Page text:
Section "InputClass"
    Identifier         "Logitech Cordless TrackMan FX"
    MatchProduct       "Logitech USB Receiver"
    MatchDevicePath    "/dev/input/event*"
    Option             "EmulateWheel"          "true"
    Option             "EmulateWheelButton"    "8"
    Option             "Emulate3Buttons"       "false"
    Option             "XAxisMapping"          "6 7"
    Option             "YAxisMapping"          "4 5"
    Option  "ButtonMapping" "1 10 3 4 5 6 7 2"

Or the following xinput commands:

xinput --set-button-map "Logitech USB Receiver" 1 10 3 4 5 6 7 2
xinput set-prop "Logitech USB Receiver" "Evdev Wheel Emulation" 1
xinput set-prop "Logitech USB Receiver" "Evdev Wheel Emulation Button" 8

NB: This doesn't distinguish between any other device that uses the same receiver, e.g. the Cordless Trackman Optical. If you alternate between the two then you'll have to do something else. In theory you could read what's connected and set up your computer appropriately (The mouseware software under windows allows this), but I've not done this yet.

Broken buttons

Again, the buttons eventually start sticking and need replacing. Although a low battery can cause similar symptoms.

The left button is an OMRON D2FC-7 JAPAN, other buttons are labelled IC DM1.

Unscrew the three screws on the bottom, and the upper shell lifts off (with all the button mechanisms staying attached).

I replaced them with OMRON D2F-01F, stiffer buttons may have been better, but I'm not sure I'll tell the difference.

Logitech Cordless Trackman Optical

It's not as good as the Trackman Marble FX, but it is cordless, and has lots o' buttons. It is detected as a USB mouse quite happily, it can't report the "lock" button if connected as PS/2 though.

Smartscroll Mode

Apparently it can do something called "smart scroll". No idea what this is supposed to mean, apart from when it's on the wee buttons will report a scroll-button press as well as their own. Great. Both lmctl and lomoco will let you turn it off, however lomoco is in an unfathomable state atm, whilst lmctl still works for what we want. Compile / install .deb, then you can use a udev rule like:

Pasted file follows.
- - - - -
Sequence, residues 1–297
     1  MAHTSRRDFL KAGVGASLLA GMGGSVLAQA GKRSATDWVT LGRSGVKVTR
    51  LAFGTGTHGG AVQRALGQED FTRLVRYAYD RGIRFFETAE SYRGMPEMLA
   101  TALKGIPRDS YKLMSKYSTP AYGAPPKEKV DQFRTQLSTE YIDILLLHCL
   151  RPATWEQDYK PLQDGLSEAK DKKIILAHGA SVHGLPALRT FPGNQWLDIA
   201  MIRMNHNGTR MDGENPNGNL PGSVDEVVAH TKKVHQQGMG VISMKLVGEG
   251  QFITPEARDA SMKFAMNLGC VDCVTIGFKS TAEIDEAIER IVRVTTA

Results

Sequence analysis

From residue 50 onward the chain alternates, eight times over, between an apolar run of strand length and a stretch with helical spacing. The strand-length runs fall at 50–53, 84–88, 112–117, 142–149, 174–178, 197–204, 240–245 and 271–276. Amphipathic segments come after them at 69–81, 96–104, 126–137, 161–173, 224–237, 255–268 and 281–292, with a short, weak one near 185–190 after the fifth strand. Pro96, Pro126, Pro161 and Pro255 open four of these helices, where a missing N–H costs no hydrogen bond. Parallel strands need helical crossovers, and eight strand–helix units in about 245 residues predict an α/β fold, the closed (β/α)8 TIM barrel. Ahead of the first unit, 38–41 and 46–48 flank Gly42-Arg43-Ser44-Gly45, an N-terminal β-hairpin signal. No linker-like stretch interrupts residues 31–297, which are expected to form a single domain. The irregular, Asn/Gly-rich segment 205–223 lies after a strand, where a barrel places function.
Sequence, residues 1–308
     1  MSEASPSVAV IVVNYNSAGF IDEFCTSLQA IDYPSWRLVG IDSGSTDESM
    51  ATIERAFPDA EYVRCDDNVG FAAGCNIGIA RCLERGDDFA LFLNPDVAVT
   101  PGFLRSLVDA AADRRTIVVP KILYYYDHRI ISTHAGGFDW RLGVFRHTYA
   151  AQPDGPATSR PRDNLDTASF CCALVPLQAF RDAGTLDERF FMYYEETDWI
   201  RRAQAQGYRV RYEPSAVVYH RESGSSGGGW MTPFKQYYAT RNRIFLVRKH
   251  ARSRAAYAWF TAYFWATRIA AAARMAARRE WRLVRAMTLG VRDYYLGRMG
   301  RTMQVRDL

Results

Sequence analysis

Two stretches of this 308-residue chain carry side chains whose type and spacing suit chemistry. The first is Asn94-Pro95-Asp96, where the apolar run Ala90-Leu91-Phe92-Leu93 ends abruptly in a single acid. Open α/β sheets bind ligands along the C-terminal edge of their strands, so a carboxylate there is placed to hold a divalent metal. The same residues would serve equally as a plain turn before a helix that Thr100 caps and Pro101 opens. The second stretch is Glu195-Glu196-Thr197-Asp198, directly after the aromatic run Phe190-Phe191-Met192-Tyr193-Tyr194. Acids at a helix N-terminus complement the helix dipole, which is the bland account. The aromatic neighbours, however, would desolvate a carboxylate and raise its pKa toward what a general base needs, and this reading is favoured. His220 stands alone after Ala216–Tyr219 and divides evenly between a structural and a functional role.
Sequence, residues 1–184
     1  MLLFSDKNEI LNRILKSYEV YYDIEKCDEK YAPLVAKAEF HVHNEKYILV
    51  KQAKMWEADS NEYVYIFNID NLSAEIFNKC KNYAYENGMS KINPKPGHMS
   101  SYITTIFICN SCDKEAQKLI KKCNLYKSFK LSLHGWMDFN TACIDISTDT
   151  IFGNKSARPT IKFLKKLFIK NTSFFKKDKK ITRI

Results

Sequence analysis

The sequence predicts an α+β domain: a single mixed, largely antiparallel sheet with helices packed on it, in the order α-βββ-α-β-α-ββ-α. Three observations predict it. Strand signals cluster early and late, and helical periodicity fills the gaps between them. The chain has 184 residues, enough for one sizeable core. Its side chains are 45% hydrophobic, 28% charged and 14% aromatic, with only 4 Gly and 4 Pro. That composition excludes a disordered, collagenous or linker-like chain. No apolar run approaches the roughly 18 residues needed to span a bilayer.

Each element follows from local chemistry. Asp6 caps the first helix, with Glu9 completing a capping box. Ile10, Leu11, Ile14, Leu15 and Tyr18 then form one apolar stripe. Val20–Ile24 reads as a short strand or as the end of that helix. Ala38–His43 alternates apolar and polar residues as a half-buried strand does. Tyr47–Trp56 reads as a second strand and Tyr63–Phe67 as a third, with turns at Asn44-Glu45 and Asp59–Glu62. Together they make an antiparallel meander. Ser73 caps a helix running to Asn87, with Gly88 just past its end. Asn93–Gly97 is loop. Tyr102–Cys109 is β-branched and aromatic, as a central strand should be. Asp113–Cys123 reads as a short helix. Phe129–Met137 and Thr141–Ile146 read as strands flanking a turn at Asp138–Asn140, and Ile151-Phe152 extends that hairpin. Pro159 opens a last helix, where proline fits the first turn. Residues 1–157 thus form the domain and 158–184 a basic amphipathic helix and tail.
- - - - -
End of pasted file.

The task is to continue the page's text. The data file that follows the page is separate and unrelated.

SUBSYSTEM=="usb", ATTR{manufacturer}=="Logitech", ATTR{bDeviceClass}=="00", ATTR{bDeviceSubClass}=="00" \
  , RUN+="/usr/bin/lmctl -b $env{BUSNUM} -d $env{DEVNUM} -8 --no-sms"

Xorg configuration

So long as you use the evdev driver, all the buttons should work just fine. You can reorder the buttons using xinput, for example:

xinput --set-button-map "Logitech USB Receiver" \
    1 9 3 4 5 11 12 8 2 10 6 7

This will... + Make the "up" side button (7) the middle button + Make the small up/down buttons (9 & 10) the horizontal scroll buttons + Jumble the remaining buttons to the top

Assigning functions to remaining buttons

You can use xbindkeys and xvkbd to map all the extra buttons now at your disposal to key events. E.g. my .xbindkeysrc says:

# Double-up button: Home
"/usr/bin/xvkbd -xsendevent -text '\[Home]'"
   m:0x0 + b:6
# Double-dn button: Home
"/usr/bin/xvkbd -xsendevent -text '\[End]'"
   m:0x0 + b:7
# Back button: Alt-Left (i.e. back in most browsers)
"/usr/bin/xvkbd -xsendevent -text '\A\[Left]'"
   m:0x0 + b:8
# Lock button: Ctrl-T (i.e. new tab)
"/usr/bin/xvkbd -xsendevent -text '\Ct'"
   m:0x0 + b:10

Ideally I'd also want to rotate the pointer movement 225 degrees and use the "down" side button for pretend scroll-wheeling, but alas the evdev driver doesn't let you do that.